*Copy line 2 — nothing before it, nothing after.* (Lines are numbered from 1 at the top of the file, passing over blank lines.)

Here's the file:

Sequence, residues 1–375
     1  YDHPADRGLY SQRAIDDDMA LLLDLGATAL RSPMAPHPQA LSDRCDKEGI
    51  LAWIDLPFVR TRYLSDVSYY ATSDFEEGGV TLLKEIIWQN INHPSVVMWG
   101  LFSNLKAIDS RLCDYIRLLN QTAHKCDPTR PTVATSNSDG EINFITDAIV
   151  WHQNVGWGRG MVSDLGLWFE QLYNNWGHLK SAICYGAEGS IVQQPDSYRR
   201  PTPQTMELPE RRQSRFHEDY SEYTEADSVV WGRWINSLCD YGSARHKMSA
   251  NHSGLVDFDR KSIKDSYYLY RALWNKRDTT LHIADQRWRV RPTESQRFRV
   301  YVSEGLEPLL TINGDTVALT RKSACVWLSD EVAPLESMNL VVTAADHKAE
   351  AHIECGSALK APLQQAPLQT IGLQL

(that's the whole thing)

     1  YDHPADRGLY SQRAIDDDMA LLLDLGATAL RSPMAPHPQA LSDRCDKEGI